There is little doubt that technology is rapidly changing lifestyles, not to mention banking. More than half of all Americans owned a smartphone in 2013, up from 35 percent just two years prior, according to the Pew Research Center.
Jack Schultz, chairman at Effingham, Illinois-based Midland States Bancorp, which has $1.7 billion in assets, says his bank’s board and management keep an eye on the competition from both inside and outside the banking industry, and then rapidly adapt. He uses mobile banking as an example. “It’s a much quicker game than what it was 5 or 10 years ago,” he says.
Technology moves at a rapid pace, and much of that change could result in better service to potential and current clients, all while making the institution more efficient. Here are some items that bank boards can consider to avoid becoming irrelevant.
Add a board member with expertise in technology or innovation.
“Because of the way that the industry is changing so quickly, I think that having people who have a background in technology and innovation is a strong attribute for the board,” says Schultz. Not only do these board members need to understand what technology will be important to customers, but they also need to understand the impact of cyber security risk on the institution and, due to the reliance of many small institutions on third-party technology, how to oversee vendor management. “Every single bank is a consumer of technology,” says Ryan Gilbert, himself a technology expert and director at Sacramento-based River City Bank. Gilbert is chief executive officer of BetterFinance Inc. (formerly known as BillFloat), a financial technology company which helps consumers manage their bills and provides small loans to consumers and small businesses through lenders. While many banks have lawyers, real estate professionals and doctors with expertise in areas like business development or compliance, many board members do not fully understand the technology the bank relies on. “There is a significant knowledge gap that’s out there,” Gilbert says.
But finding these directors can be a challenge. “Most people like me don’t want to be on bank boards,” Gilbert says. Aside from the liability posed by serving on a bank board, he says that the difference between the banking industry, focused on safety and soundness, and the technology sector, focused on innovative problem-solving, can result in a culture clash. “Working with banks as a financial innovator is super difficult,” he says. “Banks and regulators put the ‘no’ into innovation.”
Add a technology committee to the board.
“I think all boards should have an IT [information technology] committee” focusing on the bank’s technology needs, including external vendors, says Gilbert. Technology is a significant part of the bank’s budget, with industry spending in the U.S. expected to increase by almost 10 percent by 2015, according to research and consulting firm Celent. More than half of spending was allocated to external services and software in 2013, and Celent expects the industry’s reliance on vendors to increase.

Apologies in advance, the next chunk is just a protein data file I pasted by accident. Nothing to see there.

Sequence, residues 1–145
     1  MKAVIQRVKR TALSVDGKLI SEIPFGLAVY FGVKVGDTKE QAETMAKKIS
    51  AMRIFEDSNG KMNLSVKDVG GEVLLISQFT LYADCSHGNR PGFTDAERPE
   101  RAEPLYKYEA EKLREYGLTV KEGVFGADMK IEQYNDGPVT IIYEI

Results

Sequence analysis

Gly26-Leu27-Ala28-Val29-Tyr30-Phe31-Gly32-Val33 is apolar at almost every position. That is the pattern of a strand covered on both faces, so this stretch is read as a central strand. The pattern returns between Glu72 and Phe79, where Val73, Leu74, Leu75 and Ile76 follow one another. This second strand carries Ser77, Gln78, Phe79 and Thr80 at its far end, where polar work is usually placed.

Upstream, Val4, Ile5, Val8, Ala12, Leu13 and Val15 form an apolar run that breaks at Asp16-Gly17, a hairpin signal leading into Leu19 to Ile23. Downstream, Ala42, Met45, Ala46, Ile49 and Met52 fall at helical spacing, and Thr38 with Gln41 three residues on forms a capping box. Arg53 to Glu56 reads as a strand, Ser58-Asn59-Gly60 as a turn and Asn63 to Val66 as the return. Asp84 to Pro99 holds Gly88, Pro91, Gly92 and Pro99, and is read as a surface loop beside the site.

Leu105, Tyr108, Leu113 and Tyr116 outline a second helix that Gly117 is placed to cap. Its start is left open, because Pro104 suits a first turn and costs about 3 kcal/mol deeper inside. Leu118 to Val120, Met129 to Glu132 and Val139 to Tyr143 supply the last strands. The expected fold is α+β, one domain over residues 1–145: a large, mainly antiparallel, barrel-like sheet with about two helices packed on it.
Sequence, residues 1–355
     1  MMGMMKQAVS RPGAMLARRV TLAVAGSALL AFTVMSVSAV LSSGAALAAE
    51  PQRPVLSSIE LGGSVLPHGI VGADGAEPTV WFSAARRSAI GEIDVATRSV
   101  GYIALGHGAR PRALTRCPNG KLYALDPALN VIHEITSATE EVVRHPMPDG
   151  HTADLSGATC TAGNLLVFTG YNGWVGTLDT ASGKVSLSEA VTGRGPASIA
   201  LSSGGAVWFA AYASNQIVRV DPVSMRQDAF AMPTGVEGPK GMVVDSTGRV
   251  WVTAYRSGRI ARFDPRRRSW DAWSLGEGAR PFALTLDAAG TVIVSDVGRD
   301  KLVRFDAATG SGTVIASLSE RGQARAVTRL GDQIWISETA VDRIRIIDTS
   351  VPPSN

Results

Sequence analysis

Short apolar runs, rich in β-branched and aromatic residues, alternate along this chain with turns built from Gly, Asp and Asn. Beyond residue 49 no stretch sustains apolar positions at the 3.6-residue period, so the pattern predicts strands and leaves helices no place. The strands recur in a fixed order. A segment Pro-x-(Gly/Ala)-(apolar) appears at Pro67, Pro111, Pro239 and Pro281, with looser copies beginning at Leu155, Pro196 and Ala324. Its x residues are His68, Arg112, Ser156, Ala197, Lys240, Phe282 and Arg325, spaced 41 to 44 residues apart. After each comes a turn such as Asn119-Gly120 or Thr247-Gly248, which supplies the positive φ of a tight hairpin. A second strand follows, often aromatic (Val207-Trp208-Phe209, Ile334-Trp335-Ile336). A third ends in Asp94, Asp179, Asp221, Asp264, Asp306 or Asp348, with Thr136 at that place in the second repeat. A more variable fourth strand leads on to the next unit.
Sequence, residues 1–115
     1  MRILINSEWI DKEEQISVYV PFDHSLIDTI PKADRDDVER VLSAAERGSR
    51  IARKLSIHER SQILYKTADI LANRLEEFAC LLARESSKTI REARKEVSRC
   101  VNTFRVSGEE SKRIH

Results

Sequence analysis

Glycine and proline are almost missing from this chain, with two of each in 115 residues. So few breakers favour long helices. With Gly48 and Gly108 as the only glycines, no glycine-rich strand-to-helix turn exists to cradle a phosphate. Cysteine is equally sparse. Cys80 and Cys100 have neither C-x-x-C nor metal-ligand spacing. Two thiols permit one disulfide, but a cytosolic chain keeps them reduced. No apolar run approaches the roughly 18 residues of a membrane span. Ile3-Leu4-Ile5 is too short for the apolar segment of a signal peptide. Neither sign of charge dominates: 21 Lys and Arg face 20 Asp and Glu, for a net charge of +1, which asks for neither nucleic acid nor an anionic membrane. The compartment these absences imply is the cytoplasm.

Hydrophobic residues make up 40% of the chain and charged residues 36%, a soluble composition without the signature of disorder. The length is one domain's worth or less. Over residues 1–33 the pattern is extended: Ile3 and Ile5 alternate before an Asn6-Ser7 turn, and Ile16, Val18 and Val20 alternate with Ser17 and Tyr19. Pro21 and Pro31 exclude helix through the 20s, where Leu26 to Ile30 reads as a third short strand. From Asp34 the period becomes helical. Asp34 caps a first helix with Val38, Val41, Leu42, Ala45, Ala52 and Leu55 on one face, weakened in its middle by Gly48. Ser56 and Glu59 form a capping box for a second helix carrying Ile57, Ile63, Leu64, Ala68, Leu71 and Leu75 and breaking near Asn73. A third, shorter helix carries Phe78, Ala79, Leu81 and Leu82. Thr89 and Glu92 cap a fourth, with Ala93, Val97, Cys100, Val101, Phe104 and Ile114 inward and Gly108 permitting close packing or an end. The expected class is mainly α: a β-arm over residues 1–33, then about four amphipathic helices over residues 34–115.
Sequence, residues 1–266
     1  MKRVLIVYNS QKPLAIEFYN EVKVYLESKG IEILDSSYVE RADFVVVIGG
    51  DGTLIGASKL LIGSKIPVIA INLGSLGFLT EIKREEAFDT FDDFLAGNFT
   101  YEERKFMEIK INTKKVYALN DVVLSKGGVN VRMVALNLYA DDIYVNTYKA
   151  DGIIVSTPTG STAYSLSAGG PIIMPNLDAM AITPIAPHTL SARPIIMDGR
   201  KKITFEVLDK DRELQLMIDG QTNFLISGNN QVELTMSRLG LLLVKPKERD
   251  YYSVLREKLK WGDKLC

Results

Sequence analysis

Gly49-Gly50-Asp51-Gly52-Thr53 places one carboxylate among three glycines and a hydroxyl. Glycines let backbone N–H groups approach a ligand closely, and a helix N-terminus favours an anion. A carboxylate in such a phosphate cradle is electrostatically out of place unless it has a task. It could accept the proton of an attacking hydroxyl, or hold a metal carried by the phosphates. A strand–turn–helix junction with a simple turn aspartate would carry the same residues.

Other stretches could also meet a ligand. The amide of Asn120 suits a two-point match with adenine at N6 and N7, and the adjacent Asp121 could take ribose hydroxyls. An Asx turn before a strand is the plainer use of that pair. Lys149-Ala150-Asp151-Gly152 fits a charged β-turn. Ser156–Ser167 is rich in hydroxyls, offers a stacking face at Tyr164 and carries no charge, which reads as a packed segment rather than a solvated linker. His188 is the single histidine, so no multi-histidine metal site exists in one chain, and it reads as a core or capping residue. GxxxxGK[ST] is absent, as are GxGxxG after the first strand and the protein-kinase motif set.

“Unfortunately many banks, or bankers, do not get very involved in IT matters, and prefer to either outsource or really not lend too much attention to these issues,” says Agustin Abalo, who uses his expertise as a former chief information officer at Banco Santander International, a subsidiary of Spanish global bank Banco Santander, to chair the IT committee of BAC Florida Bank, a $1.3 billion-asset institution headquartered in Coral Gables, Florida. This board-level committee is composed of three independent directors and several officers, including the bank’s president, chief risk officer, chief operating officer and chief information officer. Abalo says that just like other committees focus on relevant risks, like large loans, IT committees can help tackle the growing issue of cyber-crime. He recommends that the IT committee keep the board informed about the bank’s technology needs and related budget requirements.
Focus on technology that improves the user experience and makes the bank more efficient.
“Usability, which is a massive focus for [financial technology] companies and Internet start-ups, really hasn’t been a focus in banking,” says Gilbert, making it critical for boards that want to set the institution apart to ensure that the customer experience—both in person and online—is positive.
Mobile banking continues to have a big impact on the industry, and when done right, can result in satisfied customers and a more efficient institution. “Access and convenience are key to the customer,” says Dustin Luton, chief executive officer at Covina, California-based Simplicity Bank, a savings bank with $867 million in assets. “They want things on their own timeline.” If more tasks, like cancelling a debit card or stopping payment on a check, can be done through mobile or online banking, it’s convenient for customers. It can also allow branch and call center staff to better focus on customers that need more assistance or want more products and services from the bank. “These little things will make the difference in the long run from a customer perspective, all these little things that [customers] just don’t really think about,” says Luton.